P311. Thiopurine metabolite monitoring and allopurinol combination therapy: current utilisation and influence on Australian gastroenterology IBD practice
K.C.P. Sze, W.S.W. Ng, S.J. Connor, Liverpool Hospital & University of NSW, Dept. of Gastroenterology, Sydney, Australia
Thiopurines (TP) are a mainstay of inflammatory bowel disease (IBD) management. Thiopurine methyltransferase (TPMT) testing and TP metabolites monitoring have been suggested to predict individual variation in TP metabolism and response to therapy. However, prospective data to confirm the clinical benefits of metabolites guided dosing is still limited. Guidelines around TP monitoring are also lacking. This study aims to evaluate current Australian gastroenterologists' (GEs) practice in TP use for IBD, including TPMT testing, full blood count (FBC) monitoring, TP metabolites testing, allopurinol combination therapy, and how these practices have changed clinical outcomes.
An anonymous survey was distributed to GEs by email and at various meetings across Australia over a 6 month period.
168 responses were received, of which 137 were complete. Most respondents (79%) tested TPMT levels, and most but not all tested this prior to initiating TP (89%). The majority still prescribed TP if TPMT levels were intermediate or low (98.4%; 71.3%), and were more likely to exercise caution by reduced dosing (57%; 96.6%) and/or increased frequency of FBC monitoring (34.7%; 73.6%). FBC monitoring intervals upon initiation of TP varied, especially in the 1st month. A vast majority (88%) used TP metabolites, and of these, 80.4% were using the results for metabolite guided dose adjustments to optimize response, not just for non-response to standard dosing. 88% have to wait more than 1 week for metabolite results. Those not testing metabolites cited lack of availability or cost as the main reasons, and almost all of these respondents would use it otherwise. The majority of respondents found that metabolite guided dose adjustments had improved clinical response rates, reduced complication rates (80.6% and 61.2% of respondents respectively), and had altered their clinical practice (79%). Allopurinol combination therapy was prescribed by the majority of respondents (71%), and of these, 83% would use it in “shunters” irrespective of liver function test abnormalities, whilst 36.6% would use it for TP side effects irrespective of metabolite levels.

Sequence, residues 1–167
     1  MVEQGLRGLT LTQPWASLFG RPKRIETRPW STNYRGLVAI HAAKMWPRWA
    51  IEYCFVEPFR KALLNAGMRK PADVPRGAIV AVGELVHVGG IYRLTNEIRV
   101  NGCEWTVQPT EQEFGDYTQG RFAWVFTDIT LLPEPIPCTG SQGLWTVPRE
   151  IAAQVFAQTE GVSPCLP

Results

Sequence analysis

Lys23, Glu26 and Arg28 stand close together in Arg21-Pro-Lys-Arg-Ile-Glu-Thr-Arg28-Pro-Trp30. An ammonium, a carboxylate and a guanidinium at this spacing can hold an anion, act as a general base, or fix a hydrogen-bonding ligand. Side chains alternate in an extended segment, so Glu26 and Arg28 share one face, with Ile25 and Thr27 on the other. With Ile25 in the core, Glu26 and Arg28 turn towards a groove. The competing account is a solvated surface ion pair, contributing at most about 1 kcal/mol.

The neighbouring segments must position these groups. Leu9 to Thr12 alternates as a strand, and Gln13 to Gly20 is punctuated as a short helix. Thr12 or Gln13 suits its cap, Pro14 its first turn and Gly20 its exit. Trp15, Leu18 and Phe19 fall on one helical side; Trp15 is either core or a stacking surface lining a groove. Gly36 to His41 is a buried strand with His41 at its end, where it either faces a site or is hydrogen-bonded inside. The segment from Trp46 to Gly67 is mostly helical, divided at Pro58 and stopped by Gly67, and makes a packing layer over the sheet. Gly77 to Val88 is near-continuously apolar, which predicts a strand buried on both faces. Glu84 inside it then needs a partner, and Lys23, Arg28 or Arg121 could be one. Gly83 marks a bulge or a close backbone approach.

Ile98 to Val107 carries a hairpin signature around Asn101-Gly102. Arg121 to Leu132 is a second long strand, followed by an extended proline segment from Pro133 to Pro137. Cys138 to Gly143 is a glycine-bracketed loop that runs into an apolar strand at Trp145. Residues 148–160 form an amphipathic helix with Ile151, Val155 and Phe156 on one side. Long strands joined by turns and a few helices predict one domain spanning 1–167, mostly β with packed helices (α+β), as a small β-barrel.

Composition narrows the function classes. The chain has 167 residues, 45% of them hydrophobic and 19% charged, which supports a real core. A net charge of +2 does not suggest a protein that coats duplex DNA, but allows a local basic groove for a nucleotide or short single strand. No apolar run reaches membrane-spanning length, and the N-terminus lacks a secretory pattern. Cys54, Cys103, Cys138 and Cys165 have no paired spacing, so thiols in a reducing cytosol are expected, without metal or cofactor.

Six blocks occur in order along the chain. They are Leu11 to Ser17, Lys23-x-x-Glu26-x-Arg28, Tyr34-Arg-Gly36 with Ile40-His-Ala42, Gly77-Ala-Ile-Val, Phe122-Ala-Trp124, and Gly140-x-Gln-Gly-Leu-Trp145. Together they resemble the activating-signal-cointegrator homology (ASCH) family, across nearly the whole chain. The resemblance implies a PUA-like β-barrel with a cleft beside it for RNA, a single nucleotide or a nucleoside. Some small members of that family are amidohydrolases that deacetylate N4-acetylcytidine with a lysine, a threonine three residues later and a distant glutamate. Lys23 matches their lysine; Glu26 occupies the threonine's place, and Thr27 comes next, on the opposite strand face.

The vast majority of Australian GEs are using TP metabolite monitoring, or would, were it more readily available. The majority are using metabolite guided dose adjustments with associated subjective improvements in clinical response rates and reduced complication rates. Allopurinol combination therapy is also used by the majority of GEs. Prospective data to confirm what is reflected in current practice and standardized recommendations for TP metabolite monitoring and allopurinol combination therapy are readily awaited.